Ordinariate cathedral makes the list!

Aleteia has a story about the return of traditional church architecture to the United States, as more and more dioceses are moving away from the brutalist, functional modernist architecture that has dominated new church construction for decades.

The Cathedral of Our Lady of Walsingham in Houston, that is the cathedral of the Personal Ordinariate of the Chair of St. Peter made the list!  Here’s what the article says about it:

2. Our Lady of Walsingham, Houston, Texas 

Also designed by Cram & Ferguson, this neo-Gothic church was consecrated in 2003 for the parish of Our Lady of Walsingham in Houston, Texas. Its name refers to the site of a miracle, when Mary appeared in front of a local pious woman in 1061 in the village of Walsingham in NorfolkEngland. Cram & Ferguson architects decided to celebrate that connection by using wood and stone carvings inspired by medieval churches near the site of the Walsingham miracle. And the shrine to Our Lady of Walsingham, housed inside one of the church’s transepts, was built as an actual-size replica of the Walsingham Holy House, which was originally built by the site of Mary’s apparition but later destroyed by Henry VIII during the Reformation. The Cathedral of Our Lady of Walsingham is the home of the Personal Ordinariate of St. Peter, which was formed of parishes that had belonged to the Anglican Communion but are now in union with Rome. Ordinariate parishes retain some traditions of prayer, devotion, and celebration common to the Church of England.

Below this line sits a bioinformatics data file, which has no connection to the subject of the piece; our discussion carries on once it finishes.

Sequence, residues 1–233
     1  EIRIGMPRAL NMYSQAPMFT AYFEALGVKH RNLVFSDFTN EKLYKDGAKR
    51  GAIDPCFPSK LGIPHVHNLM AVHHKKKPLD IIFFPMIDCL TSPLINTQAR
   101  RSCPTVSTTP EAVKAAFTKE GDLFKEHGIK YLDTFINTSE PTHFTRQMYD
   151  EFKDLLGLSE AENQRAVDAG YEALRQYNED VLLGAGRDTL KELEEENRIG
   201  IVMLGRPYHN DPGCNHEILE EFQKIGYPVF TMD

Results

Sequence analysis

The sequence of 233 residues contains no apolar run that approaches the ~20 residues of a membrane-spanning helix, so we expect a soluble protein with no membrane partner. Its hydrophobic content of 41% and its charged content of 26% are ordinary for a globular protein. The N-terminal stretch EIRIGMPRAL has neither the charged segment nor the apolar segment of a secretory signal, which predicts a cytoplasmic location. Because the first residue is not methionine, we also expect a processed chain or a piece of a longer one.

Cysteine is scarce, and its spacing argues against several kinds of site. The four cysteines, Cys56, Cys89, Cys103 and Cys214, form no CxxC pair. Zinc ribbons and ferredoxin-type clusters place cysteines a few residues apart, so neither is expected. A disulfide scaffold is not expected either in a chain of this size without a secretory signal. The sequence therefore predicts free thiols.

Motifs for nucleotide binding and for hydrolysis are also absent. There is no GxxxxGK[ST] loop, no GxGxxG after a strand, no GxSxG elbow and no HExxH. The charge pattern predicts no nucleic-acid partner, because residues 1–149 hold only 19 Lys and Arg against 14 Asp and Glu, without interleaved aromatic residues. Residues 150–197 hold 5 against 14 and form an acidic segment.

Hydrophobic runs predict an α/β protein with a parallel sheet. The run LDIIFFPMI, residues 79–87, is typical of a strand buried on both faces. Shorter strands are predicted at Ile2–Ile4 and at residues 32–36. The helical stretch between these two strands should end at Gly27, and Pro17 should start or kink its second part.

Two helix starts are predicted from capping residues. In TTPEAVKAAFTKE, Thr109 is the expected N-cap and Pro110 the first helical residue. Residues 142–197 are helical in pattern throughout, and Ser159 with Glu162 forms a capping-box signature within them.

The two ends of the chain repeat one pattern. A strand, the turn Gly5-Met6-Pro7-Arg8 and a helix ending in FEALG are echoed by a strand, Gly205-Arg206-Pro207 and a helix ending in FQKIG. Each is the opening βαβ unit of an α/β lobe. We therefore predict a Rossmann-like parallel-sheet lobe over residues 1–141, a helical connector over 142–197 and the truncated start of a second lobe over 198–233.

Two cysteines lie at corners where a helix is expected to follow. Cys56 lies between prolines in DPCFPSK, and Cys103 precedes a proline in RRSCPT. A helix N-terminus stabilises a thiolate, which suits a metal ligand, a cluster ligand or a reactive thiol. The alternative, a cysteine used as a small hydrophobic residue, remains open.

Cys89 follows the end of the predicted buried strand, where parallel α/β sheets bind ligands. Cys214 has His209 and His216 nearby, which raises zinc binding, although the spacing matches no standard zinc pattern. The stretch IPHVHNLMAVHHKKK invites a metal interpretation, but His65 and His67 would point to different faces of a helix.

CATHEDRAL OF OUR LADY OF WALSINGHAM

Courtesy of The Cathedral of Our Lady of Walsingham

Some other great new churches over at the link.  Check them out!   Great to see a return of beauty in church architecture.

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One Response to Ordinariate cathedral makes the list!

  1. Rev22:17 says:

    From the original post: … dioceses are moving away from the brutalist, functional modernist architecture that has dominated new church construction for decades.

    Hmmm…

    How does the renovation of the former “Crystal Cathedral” into the new Christ Cathedral of the Diocese of Orange fit into this trend?

    Norm.

    Like

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